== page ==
We saw that play out with this incident. The world was witness to the exhausting, depleting, debilitating racialized emotional labor that Black women do in defense of their bodies, their being, their belonging and against Britain’s racism. Part of how institutional racism manifests is the sheer weight of this racialized emotional labor, that is mischaracterized, unacknowledged, misunderstood. This labor takes a huge toll on Black people. It affects our bodies, our profession, our health, our lives. It is a slow emotional dying that needs naming, addressing and transforming by institutionalizing wellness, by culturalizing rest and replenishment.

Here in Ghana, there is deep affection for the Monarchy. There are conflicted feelings – a mix of affection, respect, and reverence particularly by those of a certain generation, that is matched by a disdain from a younger generation – one that points out the privilege, the money, the history, the power and the racism, and so calls for its abolition.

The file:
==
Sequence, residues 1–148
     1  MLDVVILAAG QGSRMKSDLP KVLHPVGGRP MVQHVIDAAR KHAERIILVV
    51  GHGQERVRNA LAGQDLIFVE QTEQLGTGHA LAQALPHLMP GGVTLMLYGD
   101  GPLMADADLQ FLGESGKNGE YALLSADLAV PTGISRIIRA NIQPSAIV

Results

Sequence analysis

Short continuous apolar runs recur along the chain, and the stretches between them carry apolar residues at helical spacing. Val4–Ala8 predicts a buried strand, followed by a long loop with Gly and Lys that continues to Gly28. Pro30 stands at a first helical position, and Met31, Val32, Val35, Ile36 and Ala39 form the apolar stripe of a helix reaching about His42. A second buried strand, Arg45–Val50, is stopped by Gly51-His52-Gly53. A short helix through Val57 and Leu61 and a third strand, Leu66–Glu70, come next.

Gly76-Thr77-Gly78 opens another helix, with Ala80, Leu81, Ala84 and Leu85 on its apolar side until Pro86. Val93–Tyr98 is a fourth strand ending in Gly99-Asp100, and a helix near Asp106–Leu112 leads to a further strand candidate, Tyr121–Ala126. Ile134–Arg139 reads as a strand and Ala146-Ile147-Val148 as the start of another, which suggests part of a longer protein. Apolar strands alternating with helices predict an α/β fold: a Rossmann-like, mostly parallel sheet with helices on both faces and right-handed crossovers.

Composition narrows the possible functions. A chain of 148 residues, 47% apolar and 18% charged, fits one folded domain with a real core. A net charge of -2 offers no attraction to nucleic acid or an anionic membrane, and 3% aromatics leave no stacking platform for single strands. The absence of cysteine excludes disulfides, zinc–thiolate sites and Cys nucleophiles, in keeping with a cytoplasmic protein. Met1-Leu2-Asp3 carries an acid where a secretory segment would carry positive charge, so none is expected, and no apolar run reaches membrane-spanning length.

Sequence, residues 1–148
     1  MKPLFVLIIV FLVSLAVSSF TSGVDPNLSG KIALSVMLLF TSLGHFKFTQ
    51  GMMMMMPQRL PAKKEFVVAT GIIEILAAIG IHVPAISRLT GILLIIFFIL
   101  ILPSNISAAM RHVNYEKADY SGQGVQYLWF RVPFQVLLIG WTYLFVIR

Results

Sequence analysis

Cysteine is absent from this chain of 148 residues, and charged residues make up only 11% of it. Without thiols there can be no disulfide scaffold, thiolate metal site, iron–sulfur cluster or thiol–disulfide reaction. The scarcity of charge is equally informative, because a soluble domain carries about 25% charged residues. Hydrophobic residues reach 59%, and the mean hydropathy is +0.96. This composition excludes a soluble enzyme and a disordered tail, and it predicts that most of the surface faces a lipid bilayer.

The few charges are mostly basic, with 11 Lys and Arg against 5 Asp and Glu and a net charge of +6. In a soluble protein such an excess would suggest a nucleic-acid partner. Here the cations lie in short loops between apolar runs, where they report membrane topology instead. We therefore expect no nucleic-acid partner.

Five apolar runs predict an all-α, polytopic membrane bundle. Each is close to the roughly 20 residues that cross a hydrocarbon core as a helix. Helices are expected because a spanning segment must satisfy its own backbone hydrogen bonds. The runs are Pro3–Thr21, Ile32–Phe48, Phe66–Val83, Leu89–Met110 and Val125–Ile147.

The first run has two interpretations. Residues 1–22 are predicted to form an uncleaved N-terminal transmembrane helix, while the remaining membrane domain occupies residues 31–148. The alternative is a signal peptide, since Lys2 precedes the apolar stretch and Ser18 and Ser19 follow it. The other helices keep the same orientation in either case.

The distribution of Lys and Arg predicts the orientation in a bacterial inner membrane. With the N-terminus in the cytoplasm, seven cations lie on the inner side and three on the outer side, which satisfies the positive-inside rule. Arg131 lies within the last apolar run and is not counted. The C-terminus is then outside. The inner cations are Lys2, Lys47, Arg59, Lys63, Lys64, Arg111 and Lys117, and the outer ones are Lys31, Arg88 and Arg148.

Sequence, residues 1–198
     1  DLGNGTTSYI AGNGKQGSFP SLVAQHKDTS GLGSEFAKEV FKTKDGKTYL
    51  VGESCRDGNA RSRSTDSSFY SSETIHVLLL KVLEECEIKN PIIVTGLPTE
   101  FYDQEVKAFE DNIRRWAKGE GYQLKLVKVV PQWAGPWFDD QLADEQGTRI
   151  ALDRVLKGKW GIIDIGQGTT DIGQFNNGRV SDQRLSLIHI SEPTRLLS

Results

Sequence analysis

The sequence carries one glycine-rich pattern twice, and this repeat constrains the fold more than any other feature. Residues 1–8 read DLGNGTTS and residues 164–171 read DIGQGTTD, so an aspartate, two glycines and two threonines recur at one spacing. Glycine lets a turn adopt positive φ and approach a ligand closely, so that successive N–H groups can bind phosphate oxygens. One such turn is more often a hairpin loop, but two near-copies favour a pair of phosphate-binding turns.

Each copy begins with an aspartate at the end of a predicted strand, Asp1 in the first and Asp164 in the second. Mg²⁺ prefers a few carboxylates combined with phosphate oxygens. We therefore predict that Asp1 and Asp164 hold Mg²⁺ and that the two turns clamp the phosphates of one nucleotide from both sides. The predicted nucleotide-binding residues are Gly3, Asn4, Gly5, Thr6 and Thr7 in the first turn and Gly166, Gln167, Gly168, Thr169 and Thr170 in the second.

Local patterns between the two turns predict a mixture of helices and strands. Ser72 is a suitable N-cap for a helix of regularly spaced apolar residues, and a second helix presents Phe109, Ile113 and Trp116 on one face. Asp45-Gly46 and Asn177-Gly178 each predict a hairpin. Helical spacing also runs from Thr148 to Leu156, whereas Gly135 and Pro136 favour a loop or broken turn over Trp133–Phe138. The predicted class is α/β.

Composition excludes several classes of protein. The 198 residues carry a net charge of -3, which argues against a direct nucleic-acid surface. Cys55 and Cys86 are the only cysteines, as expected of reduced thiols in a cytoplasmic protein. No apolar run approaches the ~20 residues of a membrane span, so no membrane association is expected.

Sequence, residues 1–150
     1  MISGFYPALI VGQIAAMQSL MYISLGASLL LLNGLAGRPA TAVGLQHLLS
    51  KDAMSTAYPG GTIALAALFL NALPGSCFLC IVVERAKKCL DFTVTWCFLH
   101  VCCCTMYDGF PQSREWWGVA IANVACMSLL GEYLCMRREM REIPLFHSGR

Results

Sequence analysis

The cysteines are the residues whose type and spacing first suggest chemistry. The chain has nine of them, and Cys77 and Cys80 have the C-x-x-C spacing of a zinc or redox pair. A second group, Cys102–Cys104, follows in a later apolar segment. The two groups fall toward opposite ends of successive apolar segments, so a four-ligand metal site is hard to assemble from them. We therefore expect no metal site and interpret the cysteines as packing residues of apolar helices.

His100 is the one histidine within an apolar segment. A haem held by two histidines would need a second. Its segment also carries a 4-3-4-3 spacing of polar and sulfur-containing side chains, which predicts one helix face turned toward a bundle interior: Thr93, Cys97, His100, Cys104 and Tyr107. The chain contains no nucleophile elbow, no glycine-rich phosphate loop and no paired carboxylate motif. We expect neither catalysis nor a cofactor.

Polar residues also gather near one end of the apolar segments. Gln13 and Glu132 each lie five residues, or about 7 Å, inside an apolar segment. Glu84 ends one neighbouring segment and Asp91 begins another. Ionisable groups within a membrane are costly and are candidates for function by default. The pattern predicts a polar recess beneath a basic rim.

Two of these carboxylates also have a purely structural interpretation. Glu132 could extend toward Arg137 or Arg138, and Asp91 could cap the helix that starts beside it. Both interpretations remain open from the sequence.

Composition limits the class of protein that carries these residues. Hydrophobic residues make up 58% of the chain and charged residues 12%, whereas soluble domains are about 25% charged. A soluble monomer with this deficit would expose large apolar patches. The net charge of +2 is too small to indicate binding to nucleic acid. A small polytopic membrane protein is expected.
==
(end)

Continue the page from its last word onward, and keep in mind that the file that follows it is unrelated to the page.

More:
There are several issues here that require exploration, examination and interrogation. I write about them expansively in my book, ‘Emotional Justice: A Roadmap for Racial Healing’.  I was in London recently for the launch of my book and one of the things I spoke about – and that I write about – is how Britain’s racism comes in measured tones, cut-glass accents, starched shirts and a perfectly brewed cup of tea. Britain’s racism is lethal, unrelenting, and always – and only – in defense of its own right to be racist while simultaneously denying that it is. It is this bizarre, brutal dance of racism masquerading as reason, and claiming that Black people are being unreasonable. This is part of the legacy of untreated trauma from oppressive systems that have shaped how we see ourselves and each other as white and Black people. The legacy that lingers is a dual deadly fiction of white superiority and Black inferiority.